# Basic Principles and History

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Training
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Basic Principle of HYD
Blaise Pascal
Linde Material Handling
Instructor Rob Evans
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Basic Principle of HYD
Pascal's (1623 to 1662),
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)
The history of hydraulics started in the 1600,s with Blaise Pascal
who was a French mathematician physicist and inventor
Pascal's work in the fields of the study of hydrodynamics and
hydrostatics centred on the principles of hydraulic fluids. His
inventions include the hydraulic press (using hydraulic pressure to
multiply force) and the syringe.
Pascal's Law comprises a set of principles formulated in 1648 and states that
pressure applied to a confined fluid at any point is transmitted undiminished throughout the
fluid in all directions and acts upon every part of the confining vessel at right angles to its
interior surfaces and equally upon equal areas.
This is the basic principle behind any hydraulic system - pressure applied anywhere to a
body of fluid causes a force to be transmitted equally in all directions, with the force acting
at right angles to any surface in contact with the fluid.
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Basic Principle of HYD
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Joseph Bramah (13 April 1748 – 9 December 1814),
Over 100 years later a British born inventor and locksmith Joseph Bramah invented a
hydraulic press.
Bramah.s hydraulic press depends on Pascal's principle, that pressure throughout a
closed system is constant. The press had two cylinders and pistons of differing crosssectional areas. If a force was exerted on the smaller piston, this would be translated into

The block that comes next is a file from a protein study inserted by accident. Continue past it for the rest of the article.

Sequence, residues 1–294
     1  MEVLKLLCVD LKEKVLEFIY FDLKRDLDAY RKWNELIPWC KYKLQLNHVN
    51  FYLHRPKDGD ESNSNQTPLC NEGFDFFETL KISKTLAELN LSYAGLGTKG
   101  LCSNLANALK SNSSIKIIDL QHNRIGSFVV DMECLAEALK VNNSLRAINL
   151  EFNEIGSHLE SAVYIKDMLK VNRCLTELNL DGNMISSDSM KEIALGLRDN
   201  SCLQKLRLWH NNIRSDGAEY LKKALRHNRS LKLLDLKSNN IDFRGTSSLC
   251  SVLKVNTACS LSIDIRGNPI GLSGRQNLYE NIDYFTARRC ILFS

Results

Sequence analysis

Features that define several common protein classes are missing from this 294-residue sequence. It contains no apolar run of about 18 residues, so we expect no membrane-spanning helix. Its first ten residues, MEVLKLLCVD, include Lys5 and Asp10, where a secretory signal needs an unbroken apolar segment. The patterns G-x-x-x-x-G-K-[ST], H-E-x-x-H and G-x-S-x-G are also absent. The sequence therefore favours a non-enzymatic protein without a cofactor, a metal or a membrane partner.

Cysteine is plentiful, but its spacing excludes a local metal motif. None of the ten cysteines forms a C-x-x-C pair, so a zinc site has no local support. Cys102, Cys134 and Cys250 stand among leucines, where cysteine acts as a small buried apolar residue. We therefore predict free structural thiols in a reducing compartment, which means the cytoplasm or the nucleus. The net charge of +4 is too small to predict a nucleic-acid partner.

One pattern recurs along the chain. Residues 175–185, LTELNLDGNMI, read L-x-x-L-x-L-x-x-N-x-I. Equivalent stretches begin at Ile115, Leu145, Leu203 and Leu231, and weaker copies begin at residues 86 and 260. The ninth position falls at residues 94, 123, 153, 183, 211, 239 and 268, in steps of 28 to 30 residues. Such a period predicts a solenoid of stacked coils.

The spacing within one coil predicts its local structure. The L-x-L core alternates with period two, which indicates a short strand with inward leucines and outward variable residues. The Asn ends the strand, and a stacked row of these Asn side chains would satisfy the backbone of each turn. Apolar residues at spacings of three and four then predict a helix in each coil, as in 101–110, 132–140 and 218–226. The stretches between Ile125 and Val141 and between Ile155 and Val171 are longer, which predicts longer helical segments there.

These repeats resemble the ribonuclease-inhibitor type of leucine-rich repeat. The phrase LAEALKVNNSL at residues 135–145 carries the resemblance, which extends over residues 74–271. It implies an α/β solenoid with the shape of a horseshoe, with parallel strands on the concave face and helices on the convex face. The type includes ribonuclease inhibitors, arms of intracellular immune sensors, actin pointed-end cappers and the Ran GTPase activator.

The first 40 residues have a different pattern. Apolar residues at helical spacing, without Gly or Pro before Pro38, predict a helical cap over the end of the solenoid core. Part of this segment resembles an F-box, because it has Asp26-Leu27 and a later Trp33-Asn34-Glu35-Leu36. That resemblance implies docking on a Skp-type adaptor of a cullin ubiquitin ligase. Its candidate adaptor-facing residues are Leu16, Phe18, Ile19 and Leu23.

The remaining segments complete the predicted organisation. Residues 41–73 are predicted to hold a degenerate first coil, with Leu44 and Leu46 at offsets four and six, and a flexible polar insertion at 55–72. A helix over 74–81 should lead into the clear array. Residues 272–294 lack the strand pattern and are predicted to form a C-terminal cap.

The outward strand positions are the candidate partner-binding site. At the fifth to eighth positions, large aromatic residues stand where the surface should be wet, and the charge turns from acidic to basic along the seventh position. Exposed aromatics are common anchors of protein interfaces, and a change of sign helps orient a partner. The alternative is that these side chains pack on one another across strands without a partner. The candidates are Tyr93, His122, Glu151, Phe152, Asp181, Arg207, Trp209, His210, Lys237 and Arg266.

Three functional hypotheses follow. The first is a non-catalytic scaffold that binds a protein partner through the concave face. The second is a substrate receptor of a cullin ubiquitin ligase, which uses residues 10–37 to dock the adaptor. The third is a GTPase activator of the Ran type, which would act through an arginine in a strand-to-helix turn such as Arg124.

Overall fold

a larger force on the larger piston. The difference in the two forces would be proportional
to the difference in area of the two pistons. In effect the cylinders act in a similar way that
a lever is used to increase the force exerted. Bramah was granted a patent for his
hydraulic press in 1795.
Bramah's hydraulic press turned out to have many industrial applications and still does to
this day. At the time hydraulic engineering was an almost unknown science, and Bramah
(with William George Armstrong) was one of the two pioneers in this field.
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Modern Hydraulic Actuation offers many advantages and the following list gives
some of the factors which make it suitable for many applications.
a)
b)
c)
d)
e)
f)
g)
h)
i)
j)
k)
l)
m)
.
n)
Complex controls with mechanical simplicity.
Infinite variety of speeds, which are accurately controlled and
changeable during operation.
Smooth, vibration less action that is little affected by load variations.
Cushioning effect at end of stroke.
Great pressure where needed, with or without motion
Motion can be linear, rotary or part rotary in any plane.
Self lubricating
Mechanical wearing parts eliminated e.g. clutches, gearboxes.
Safety features and interlock easily incorporated.
High efficiencies obtainable.
Power can be interrupted, reversed, varied almost instantaneously.
Power transmittable to positions inaccessible by mechanical
means.
Constant HP drives and constant torque drives obtainable.
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Basic Principle of HYD
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Applications of Hydraulics
Agricultural
Ship Building
harvesters
stabilisers
tractor Accessories
container handling
Civil Engineering Plant
rudder
excavators
Military vehicles and equipment
bulldozers
barrel elevation
cranes
recovery vehicles
Injection Moulding Machines
Entertainment
Smelting Plant, foundries and forges
Fair Ground, theme park
Machine tools
rides
presses and roller presses
Stage effects
planing, shaping, milling, drilling
Lifts
and sanding machines
Inspection Ramps
woodworking machines
Commercial vehicles
Aerospace industry
hydraulic handling boom
under carriage bay doors
hydraulic tail board.
flaps and ailerons
And of course
docking equipment
Linde
FORK LIFT TRUCKS
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Applications of Hydraulics in LINDE
Including
attachments
Eg
Lift
Drive
Tilt
Steering
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HYD
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Hydraulics falls into two distinct
categories,
Hydrodynamics
hydrodynamics and hydrostatics.
Force = mass x acceleration
A torque converter
A torque converter is modified form of a hydrodynamic fluid
coupling, and like the fluid coupling, is used to transfer rotating
power from a prime mover, such as an internal combustion engine
or electric motor, to a rotating driven load. As with the fluid
coupling, the torque converter takes the place of a mechanical
clutch. Unlike a fluid coupling, however, a torque converter is able
to multiply torque when there is a substantial difference between